‘But I can tell you for sure that having a child like Ollie brings such joy. I was dancing around the kitchen to Olly Murs this morning. My Ollie will only allow one song at a time in the house, so you have to hear the same one a thousand times. But he will get you dancing to it.

Happy day: Sally Phillips with her husband Andrew Bermejo. A mutual friend set them up

Happy day: Sally Phillips with her husband Andrew Bermejo. A mutual friend set them up

‘He set our lives on a completely
different path that we perhaps wouldn’t have chosen, but it’s infinitely
better than being stuck on that Tiger Mum stress treadmill. We spend
much more time genuinely having fun with each other, rather than ticking
the achievement boxes.

‘What having a Down’s syndrome child
isn’t – and I feel very strongly about this – is a tragedy. All those
pregnancy books you read when you are expecting refer to Down’s syndrome
as if it were the worst possible outcome, and it’s not. I mean it
really is so far from the worst possible outcome. My son is lovely. He’s
in mainstream school and parents of other children in his class say
they are so glad he’s in the class. He’s very popular and he can talk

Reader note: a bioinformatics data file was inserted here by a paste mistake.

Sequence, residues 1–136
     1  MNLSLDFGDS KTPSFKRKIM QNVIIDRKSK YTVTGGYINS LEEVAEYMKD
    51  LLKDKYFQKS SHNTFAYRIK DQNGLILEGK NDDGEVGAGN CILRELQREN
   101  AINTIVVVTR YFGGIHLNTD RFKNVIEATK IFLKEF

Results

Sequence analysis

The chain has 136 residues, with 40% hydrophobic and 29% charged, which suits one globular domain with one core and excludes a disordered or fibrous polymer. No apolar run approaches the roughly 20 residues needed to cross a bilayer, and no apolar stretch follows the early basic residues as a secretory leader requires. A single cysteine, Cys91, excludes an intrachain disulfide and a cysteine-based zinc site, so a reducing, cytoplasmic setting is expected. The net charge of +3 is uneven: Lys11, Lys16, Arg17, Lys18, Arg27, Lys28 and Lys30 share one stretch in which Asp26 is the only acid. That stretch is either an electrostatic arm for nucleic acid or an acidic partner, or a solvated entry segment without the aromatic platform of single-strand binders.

and read and walk and do maths and play computer games and all of those
things. In fact, he’s better at the computer than I am.’

The fact that Ollie can read makes her
dilemma here, trying to explain the complexities of caring for him, so
acute. ‘I never ever want him to read anything I say about him and think
he’s remotely a burden, or a problem, because he isn’t. He is a joy.’

was no warning that Ollie would have a disability, in fact quite the
opposite. The tests were done, and no red flags went up. ‘We were told
we had a 1 in 10,000-odd chance, and he wasn’t diagnosed immediately, so
I was sort of very angry for a while. It took me a while to work the
steps backwards, and when I asked myself, “So would you have
terminated” the answer was no.’

Film star: Sally as Shazzer, the kooky best friend, with Renee Zellwegger in Bridget Jones

Film star: Sally as Shazzer, the kooky best friend, with Renee Zellwegger in Bridget Jones

Now she has come to resent the
question, and all the assorted ones that are either asked, or implied.
‘They are always questions that are a step away from, “Would you prefer
not to have had your child Would you prefer it if he never existed”
No! I’m very glad my child has been born, thank you very much. I think
he’s lovely.

‘My blood runs cold when I hear the “great news” that we have found a marker for the Down’s syndrome gene, which means we can identify it more easily. Why is that good news It’s only good news if you’re going to terminate. Hurrah, we can kill more! That makes you want to vomit when you’re a parent.’